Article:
A city attorney is in trouble after making more than 600 objections during a deposition of an NYPD cop and telling the officer at least 20 times not to answer questions, according to new court papers.
Assistant Corporation Counsel Amatullah Booth’s excessive objections took up nearly 83 percent of a transcript of the eight-hour questioning of officer John Essig, Brooklyn federal court Magistrate Judge Cheryl Pollak wrote in an order Friday.
Essig was deposed Sept. 22, 2016 as part of a civil lawsuit brought by plaintiff Hector Cordero, who claims the cop and others falsely arrested him in 2014 on bogus drug-dealing charges, which were eventually dropped.
“In denying plaintiff access to this relevant information, defendants’ counsel denied plaintiff the right to have deposition questions answered,” Pollak wrote.
The judge issued sanctions against Booth for acting “improperly by not limiting objections to the statement ‘objection as to form’ as directed by the court” during the deposition, the order said.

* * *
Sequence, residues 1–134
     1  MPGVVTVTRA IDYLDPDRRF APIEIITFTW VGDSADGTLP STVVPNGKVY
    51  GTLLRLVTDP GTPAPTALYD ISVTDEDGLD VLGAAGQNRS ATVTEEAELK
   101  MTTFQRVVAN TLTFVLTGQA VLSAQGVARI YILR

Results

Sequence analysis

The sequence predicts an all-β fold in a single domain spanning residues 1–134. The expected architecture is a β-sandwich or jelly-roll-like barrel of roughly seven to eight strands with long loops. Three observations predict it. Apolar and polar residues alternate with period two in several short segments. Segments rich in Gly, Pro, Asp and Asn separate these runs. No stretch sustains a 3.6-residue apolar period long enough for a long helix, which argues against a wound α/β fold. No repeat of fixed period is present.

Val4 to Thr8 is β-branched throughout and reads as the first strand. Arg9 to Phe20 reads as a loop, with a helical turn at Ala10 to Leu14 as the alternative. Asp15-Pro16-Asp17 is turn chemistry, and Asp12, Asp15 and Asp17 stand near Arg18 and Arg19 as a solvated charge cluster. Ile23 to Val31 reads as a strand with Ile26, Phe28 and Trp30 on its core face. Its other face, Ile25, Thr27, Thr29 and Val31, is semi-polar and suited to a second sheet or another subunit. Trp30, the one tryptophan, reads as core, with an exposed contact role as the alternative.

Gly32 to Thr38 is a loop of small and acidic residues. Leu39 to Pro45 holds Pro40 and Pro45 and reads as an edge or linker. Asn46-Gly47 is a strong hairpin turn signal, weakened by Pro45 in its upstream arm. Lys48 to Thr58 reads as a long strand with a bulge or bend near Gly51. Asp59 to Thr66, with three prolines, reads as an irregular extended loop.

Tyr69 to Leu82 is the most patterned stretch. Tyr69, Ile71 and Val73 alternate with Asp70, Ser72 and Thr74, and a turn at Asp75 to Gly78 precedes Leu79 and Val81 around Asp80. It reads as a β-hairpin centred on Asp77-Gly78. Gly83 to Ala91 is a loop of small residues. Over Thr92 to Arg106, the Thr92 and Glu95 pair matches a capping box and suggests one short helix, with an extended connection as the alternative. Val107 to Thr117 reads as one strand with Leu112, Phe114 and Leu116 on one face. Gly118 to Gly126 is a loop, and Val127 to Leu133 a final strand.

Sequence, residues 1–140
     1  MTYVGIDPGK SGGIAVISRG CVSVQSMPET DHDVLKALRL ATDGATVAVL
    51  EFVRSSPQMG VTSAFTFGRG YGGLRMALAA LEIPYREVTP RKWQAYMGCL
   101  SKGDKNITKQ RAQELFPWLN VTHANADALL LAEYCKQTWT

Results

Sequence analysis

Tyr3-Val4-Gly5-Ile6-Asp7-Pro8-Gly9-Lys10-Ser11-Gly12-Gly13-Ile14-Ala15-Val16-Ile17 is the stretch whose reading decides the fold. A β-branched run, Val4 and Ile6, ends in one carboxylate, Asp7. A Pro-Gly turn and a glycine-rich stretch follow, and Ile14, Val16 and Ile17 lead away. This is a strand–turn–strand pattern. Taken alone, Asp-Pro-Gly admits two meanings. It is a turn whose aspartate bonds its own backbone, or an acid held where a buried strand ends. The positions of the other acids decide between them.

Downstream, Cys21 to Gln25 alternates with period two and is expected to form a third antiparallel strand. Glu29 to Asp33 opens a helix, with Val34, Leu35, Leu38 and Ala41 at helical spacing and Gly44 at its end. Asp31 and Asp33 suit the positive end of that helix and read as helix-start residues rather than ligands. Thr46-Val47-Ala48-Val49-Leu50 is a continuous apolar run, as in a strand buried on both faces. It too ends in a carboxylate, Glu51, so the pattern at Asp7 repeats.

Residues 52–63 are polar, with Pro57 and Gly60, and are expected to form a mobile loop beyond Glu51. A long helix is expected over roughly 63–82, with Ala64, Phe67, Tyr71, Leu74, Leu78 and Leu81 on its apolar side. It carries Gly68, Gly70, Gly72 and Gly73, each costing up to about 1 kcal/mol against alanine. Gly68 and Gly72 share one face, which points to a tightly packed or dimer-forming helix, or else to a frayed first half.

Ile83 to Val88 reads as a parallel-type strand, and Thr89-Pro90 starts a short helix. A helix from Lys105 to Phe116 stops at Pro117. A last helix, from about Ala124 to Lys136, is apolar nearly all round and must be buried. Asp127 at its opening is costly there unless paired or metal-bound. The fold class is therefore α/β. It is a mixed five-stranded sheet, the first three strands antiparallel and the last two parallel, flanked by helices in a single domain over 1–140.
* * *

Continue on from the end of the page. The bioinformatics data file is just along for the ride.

“Frequently counsel’s objections included extraneous comments, such as that questions called for speculation, were vague, leading or had been asked and answered; at times, her comments seemed to be suggesting answers to the witness,” Pollak wrote in her 17-page decision.
In one line of questioning by Cordero’s lawyer Gabriel Harvis about Essig’s salary, Booth objected and advised the cop not to answer, according to court papers.
“On what ground?” Harvis asked.
“I don’t see how it’s even remotely relevant and I find it to be harassing,” Booth replied.
In another question Booth objected to, she appeared to be suggesting answers to Essig, the judge wrote.
“To your knowledge, have any of the other officers that you worked with on SENU at the 83rd precinct become detectives?” Harvis asked.
“Objection. Only if you have that information,” Booth interrupted.
Essig answered, “I don’t have that information.”